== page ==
Our study draws from a large, nationwide pediatric database to report the incidence of ROP in the United States. The KID has several advantages over the NIS, including its emphasis on sampling complicated in-hospital births from each frame hospital, making it ideal for study of rare diseases. However, the KID is similarly limited by its capture of inpatient data alone, failing to record morbidity and mortality that occurs outside of the hospital setting. Furthermore, analysis of the database is limited by accurate and consistent classification of ICD-9 codes by providers. Likewise, the severity of several comorbidities and the extent and duration of exposures is often not captured by ICD-9 codes. For instance, the volume of blood transfusions or duration of oxygen therapy, which are both known risk factors for ROP, were not addressed in our study as the data is not recorded through ICD-9 codes. Moreover, the KID does not capture longitudinal data on individual patients, so long-term outcomes and efficacy of treatments are also not available. Lastly, as with any retrospective study, missing data within the KID prevent a complete assessment of the entire population of interest, and may affect calculated odds ratios.

ROP is a devastating disease that can lead to childhood blindness if not detected and treated early. In the present study, we surveyed more than 18 million live births in the United States between 2006 and 2012, with an overall ROP incidence of 17.9% among newborns with a length of stay greater than 28 days. Our results confirm existing knowledge that LBW and EGA are important risk factors for the development of ROP, and suggest that sex and lack of respiratory support are independently associated with ROP. Finally, we show that the incidence of ROP has been increasing from 14.70% in 2000 to 19.88% in 2012, a trend inversely related to the decline in newborn mortality in the United States in the same time period.

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Baseline Characteristics of Newborns With and Without ROP With a Hospital LOS Greater Than 28 Days (Years: 2006, 2009 & 2012)

Characteristic + ROP (n = 27,481) − ROP (n = 126,225) Odds Ratio (95% CI) P Value
Sex (% Female)
  Female 13,930 50.69% 58,795 46.58% 1.18 (1.14–1.22) < .0001
  Male 13,546 49.29% 67,397 53.39% Reference -
  Missing 5 0.02% 33 0.03% - -
Race
  White 10,579 38.50% 50,661 40.14% 0.84 (0.79–0.89) < .0001
  Black 6,488 23.61% 23,131 18.33% 1.30 (1.20–1.40) < .0001
  Hispanic 4,655 16.94% 20,841 16.52% 0.96 (0.89–1.04) .3572
  Asian or Pacific Islander 983 3.58% 3,991 3.16% 1.07 (0.96–1.20) .2087
  Native American 149 0.54% 933 0.74% 0.69 (0.54–0.90) .0053
  Other 1,638 5.96% 6,706 5.31% 1.06 (0.95–1.19) .2746
  Missing 2,988 10.87% 19,963 15.82% - -
Private Insurance
  Yes 11,722 42.65% 52,763 41.80% 1.04 (0.98–1.09) .2058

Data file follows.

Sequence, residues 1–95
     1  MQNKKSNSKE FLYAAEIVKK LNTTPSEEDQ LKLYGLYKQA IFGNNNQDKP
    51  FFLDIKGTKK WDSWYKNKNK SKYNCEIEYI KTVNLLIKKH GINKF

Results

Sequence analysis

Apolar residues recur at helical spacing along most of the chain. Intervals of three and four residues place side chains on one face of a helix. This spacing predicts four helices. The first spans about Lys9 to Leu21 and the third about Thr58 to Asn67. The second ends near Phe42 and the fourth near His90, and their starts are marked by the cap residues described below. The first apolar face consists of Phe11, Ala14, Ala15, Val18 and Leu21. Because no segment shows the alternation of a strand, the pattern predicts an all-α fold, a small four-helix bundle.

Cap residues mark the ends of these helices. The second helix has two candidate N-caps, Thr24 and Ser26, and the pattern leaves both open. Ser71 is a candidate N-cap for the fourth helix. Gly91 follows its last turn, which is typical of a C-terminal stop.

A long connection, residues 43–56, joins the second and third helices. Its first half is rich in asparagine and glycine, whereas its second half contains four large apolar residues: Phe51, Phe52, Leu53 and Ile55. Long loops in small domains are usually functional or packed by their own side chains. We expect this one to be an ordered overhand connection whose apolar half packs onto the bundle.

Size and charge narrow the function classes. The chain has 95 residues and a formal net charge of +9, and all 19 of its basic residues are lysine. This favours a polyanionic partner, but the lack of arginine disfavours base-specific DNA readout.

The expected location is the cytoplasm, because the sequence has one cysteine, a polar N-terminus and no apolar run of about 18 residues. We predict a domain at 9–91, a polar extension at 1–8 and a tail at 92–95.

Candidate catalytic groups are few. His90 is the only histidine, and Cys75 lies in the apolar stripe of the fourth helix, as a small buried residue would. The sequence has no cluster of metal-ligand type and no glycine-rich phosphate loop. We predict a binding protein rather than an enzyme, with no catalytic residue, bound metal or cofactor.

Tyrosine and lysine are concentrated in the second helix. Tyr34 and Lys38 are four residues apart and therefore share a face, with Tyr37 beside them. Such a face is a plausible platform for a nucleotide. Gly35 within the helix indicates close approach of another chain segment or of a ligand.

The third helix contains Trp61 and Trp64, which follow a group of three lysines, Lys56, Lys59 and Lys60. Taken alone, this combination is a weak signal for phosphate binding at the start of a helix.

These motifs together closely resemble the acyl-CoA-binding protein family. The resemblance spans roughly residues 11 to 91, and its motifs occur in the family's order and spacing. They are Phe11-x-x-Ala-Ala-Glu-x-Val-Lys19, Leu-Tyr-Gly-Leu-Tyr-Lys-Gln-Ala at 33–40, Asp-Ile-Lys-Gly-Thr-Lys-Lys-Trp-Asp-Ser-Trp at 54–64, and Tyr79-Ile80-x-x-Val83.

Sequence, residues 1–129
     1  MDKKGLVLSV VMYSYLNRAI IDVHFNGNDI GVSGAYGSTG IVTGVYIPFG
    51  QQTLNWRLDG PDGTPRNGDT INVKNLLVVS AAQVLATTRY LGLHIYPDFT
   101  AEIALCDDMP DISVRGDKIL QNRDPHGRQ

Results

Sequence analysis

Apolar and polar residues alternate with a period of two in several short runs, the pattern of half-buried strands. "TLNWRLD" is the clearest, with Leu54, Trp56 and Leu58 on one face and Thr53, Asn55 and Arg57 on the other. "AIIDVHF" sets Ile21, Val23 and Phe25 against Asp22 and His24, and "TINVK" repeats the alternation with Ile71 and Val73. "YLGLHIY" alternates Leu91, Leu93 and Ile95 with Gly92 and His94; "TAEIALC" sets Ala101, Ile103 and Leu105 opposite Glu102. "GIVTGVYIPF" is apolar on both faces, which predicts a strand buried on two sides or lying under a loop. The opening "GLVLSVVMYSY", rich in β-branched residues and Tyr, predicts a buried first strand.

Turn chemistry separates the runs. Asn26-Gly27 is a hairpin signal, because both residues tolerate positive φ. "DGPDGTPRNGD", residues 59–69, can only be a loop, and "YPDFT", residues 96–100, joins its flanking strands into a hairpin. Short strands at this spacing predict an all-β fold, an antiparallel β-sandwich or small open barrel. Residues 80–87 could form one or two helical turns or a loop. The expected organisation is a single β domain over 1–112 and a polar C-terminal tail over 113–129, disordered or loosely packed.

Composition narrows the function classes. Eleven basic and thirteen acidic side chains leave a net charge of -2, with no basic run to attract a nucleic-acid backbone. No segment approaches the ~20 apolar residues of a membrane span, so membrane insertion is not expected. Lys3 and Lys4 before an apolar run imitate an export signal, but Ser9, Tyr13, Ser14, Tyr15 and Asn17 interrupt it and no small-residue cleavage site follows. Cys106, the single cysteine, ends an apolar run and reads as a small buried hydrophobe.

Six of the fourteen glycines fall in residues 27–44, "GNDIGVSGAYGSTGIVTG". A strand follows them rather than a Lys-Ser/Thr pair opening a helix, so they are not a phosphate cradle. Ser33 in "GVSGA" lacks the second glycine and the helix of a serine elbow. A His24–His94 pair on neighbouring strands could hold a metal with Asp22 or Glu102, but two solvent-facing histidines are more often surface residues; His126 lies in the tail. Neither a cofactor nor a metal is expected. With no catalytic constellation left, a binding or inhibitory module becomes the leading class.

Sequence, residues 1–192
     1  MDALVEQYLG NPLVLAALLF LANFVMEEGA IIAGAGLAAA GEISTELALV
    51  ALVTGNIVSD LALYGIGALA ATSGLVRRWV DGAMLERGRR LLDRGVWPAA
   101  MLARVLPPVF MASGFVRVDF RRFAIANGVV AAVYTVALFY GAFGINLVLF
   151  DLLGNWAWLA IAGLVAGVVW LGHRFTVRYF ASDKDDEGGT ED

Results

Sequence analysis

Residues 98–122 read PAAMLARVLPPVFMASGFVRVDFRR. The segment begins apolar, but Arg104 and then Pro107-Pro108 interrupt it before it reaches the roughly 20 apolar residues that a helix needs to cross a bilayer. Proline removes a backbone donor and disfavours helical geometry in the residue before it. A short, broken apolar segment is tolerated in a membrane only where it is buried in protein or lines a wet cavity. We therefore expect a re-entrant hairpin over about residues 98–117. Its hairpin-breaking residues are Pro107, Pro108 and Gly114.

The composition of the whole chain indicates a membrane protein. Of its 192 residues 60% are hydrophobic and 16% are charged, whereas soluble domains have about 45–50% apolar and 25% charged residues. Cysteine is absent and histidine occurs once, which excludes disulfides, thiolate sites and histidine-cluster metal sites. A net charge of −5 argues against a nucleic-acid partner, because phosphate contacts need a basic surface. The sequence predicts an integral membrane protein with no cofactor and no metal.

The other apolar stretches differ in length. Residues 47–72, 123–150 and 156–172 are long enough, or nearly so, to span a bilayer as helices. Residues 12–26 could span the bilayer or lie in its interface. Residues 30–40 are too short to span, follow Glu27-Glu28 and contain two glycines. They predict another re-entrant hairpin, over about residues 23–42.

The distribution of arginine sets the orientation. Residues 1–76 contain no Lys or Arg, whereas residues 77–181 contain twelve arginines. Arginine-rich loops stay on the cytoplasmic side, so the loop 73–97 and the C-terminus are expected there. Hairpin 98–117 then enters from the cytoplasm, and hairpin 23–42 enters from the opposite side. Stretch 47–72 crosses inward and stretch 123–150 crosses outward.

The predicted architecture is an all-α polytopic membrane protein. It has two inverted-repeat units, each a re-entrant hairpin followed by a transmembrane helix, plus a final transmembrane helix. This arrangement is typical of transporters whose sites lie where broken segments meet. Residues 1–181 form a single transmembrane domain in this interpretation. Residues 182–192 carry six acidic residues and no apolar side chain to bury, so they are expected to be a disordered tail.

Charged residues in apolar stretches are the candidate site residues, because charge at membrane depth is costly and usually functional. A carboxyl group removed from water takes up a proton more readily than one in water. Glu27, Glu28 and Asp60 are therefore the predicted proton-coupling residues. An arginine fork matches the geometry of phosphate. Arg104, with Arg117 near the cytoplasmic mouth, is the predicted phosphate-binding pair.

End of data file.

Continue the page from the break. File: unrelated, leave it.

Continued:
No 15,736 57.26% 73,273 58.05% Reference -
  Missing 23 0.08% 189 0.15% - -
Gestational Age (Weeks)
  <24 583 2.12% 1,155 0.92% 33.87 (19.66–58.36) < .0001
  24 1,545 5.62% 2,624 2.08% 39.48 (23.22–67.12) < .0001
  25 to 26 5,024 18.28% 9,574 7.58% 35.20 (20.73–59.79) < .0001
  27 to 28 7,012 25.52% 16,409 13.00% 28.67 (16.90–48.62) < .0001
  29 to 30 7,322 26.64% 27,806 22.03% 17.66 (10.36–30.11) < .0001
  31 to 32 3,911 14.23% 28,942 22.93% 9.07 (5.33–15.41) < .0001
  33 to 34 422 1.54% 11,544 9.15% 2.45 (1.44–4.16) .0009
  35 to 36 101 0.37% 4,584 3.63% 1.48 (0.83–2.63) .808
  >36 22 0.08% 1,500 1.19% Reference Reference
  Missing 1,539 5.60% 22,086 17.50% - -
Birth Weight (Grams)
  <500 345 1.26% 766 0.61% 18.37 (13.21–25.57) < .0001
  500–749 3,941 14.34% 8,282 6.56% 19.42 (14.25–26.46) < .0001
  750–999 6,526 23.75% 15,068 11.94% 17.67 (13.08–23.88) < .0001
  1,000–1,249 6,491 23.62% 19,491 15.44% 13.59 (10.08–18.32) < .0001
  1,250–1,499 5,263 19.15% 21,413 16.96% 10.03 (7.44–13.52) < .0001
  1,500–1,749 2,342 8.52% 17,955 14.22% 5.32 (3.94–7.19) < .0001
  1,750–1,999 742 2.70% 10,860 8.60% 2.79 (2.05–3.78) < .0001
  2,000–2,499 258 0.94% 8,574 6.79% 1.23 (0.91–1.67) .1827
  >2,500 85 0.31% 3,454 2.74% Reference Reference
  Missing 1,489 5.42% 20,361 16.13%

Mean LOS (Days) by Birth Weight of Newborns With and Without ROP (Years: 2006, 2009 & 2012)

Birth Weight (Grams) + ROP Mean (Median) LOS − ROP Mean (Median) LOS P Value
<500 121.39 (116.25) 104.63 (103.89) < .0001
500–749 104.13 (99.78) 97.58 (94.19) < .0001
750–999 79.59 (75.73) 77 (72.17) < .0001
1,000–1,249 59.44 (55.85) 56.30 (52.06) < .0001
1,250–1,499 47.92 (44.24) 45.38 (40.95) < .0001
1,500–1,749 43.13 (39.74) 40.61 (36.32) < .0001
1,750–1,999 41.07 (37.35) 39.53 (34.5) < .0001
2,000–2,499 45.01 (37.84) 41.85 (34.90) < .0001
>2,500 52.98 (46.36) 46.54 (37.35) < .0001
Missing * 76.99 (67.19) 57.92 (44.23) < .0001

Trend of Incidence and In-Hospital Mortality of ROP During Each KID Study-Year Cohort With a Hospital LOS Greater Than 28 Days (Years: 2000, 2003, 2006, 2009 & 2012)

2000 2003 2006 2009 2012 Total P Value
Total Weighted Discharges 6,351,352 6,468,925 6,578,068 6,393,803 5,850,184 38,035,077